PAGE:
Explaining the principle of large stock units and its implications on grazing capacity

Author: M.C. Mokolobate, M.M. Scholtz & F.J. Calitz
Year: 2017
Issue: 1
Volume: 10
Page: 17 - 20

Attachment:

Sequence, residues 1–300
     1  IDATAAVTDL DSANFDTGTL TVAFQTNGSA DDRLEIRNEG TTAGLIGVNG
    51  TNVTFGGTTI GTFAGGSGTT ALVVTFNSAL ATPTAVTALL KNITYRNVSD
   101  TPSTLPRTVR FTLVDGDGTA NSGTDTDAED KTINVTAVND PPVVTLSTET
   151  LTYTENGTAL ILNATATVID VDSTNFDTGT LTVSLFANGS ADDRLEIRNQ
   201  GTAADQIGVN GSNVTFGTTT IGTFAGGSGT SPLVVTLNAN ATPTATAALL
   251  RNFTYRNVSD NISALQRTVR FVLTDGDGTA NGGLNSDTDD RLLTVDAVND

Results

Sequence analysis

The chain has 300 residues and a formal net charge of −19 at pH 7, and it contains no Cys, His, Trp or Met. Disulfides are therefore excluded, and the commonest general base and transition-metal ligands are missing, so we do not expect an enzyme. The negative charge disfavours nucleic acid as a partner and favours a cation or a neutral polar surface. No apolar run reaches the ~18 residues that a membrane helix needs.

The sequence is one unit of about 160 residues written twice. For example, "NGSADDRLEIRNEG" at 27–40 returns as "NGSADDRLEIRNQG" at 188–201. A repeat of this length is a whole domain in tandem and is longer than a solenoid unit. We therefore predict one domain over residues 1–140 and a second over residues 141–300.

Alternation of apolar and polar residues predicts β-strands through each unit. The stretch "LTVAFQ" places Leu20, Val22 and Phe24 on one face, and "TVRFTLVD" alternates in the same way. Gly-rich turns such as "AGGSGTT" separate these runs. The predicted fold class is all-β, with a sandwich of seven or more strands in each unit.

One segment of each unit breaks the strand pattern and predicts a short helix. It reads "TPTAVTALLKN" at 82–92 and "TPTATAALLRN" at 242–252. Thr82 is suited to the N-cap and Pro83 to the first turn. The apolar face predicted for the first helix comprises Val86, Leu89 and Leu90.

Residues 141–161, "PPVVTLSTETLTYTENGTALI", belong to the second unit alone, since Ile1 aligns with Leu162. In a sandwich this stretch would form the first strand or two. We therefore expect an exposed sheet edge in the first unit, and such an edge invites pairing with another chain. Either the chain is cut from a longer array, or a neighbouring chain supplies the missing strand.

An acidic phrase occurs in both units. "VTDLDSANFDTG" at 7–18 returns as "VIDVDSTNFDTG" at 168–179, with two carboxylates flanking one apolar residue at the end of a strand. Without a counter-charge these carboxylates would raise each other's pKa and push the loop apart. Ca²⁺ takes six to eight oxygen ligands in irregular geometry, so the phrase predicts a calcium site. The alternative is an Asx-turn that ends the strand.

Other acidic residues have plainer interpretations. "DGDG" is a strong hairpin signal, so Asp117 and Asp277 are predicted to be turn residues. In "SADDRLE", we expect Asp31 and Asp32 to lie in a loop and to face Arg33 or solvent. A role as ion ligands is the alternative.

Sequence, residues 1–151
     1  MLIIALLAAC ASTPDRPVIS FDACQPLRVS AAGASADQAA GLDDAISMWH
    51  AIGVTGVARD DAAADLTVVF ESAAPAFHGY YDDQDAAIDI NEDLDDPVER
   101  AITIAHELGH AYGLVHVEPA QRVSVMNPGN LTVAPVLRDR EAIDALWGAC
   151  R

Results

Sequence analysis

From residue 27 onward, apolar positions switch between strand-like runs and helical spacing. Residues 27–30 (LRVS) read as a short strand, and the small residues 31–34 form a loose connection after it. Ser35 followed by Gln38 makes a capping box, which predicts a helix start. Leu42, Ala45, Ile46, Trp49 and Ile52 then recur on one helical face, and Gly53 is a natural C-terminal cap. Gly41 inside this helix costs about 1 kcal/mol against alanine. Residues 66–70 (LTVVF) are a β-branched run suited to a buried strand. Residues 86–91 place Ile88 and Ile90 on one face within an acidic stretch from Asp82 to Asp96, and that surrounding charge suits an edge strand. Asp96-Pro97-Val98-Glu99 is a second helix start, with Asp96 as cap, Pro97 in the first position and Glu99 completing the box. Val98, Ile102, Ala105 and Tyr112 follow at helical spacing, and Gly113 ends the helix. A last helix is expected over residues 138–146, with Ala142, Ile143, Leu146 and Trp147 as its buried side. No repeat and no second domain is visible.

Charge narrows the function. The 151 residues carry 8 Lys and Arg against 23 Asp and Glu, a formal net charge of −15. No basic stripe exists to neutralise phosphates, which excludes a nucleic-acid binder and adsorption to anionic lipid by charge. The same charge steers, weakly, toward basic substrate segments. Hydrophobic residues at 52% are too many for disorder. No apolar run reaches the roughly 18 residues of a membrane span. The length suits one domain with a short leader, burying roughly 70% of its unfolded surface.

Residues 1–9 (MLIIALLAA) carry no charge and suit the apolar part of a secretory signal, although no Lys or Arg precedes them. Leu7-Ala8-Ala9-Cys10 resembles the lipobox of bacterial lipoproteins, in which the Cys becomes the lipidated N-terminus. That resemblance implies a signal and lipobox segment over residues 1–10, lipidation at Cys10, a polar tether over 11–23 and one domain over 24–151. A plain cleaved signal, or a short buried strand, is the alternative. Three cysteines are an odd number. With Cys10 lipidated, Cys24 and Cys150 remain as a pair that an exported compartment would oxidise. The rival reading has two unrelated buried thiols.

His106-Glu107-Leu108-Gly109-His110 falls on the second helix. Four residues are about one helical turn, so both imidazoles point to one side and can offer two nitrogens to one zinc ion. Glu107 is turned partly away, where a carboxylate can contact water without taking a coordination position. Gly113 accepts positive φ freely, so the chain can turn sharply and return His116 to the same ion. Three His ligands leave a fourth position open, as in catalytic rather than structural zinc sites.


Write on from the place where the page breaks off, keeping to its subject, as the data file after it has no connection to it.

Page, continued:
The difference between the grazing capacity of the veld and the stocking rate is that grazing capacity refers to the true number of animals that the vegetation can sustain; and stocking rate to the perceived number of animals that the vegetation can sustain. This sometimes differ by as much as 300% leading to the total degradation of the natural vegetation. The principle of Large Stock Units should be used to address this, in which beef cattle are categorized in different frame sizes and physiological phases. It should be noted that the feed requirements of animals of different frame and at different physiological stages are different, even if they have the same body weight. The reason for this is that there are differences in voluntary feed intake between such animals, which can be ascribed to differences in basal metabolism. The different breeds are categorized into different frame sizes. As an example, the Large Stock Unit equivalents for beef cattle of different frame sizes for heifers older than 12 months and cows with calves are presented. This should be used by farmers when planning their grazing strategies, or when deciding on the size of the cow herd. A livestock grazing capacity map of South Africa is also presented, which should be used as base line information only, since it can vary from farm to farm.

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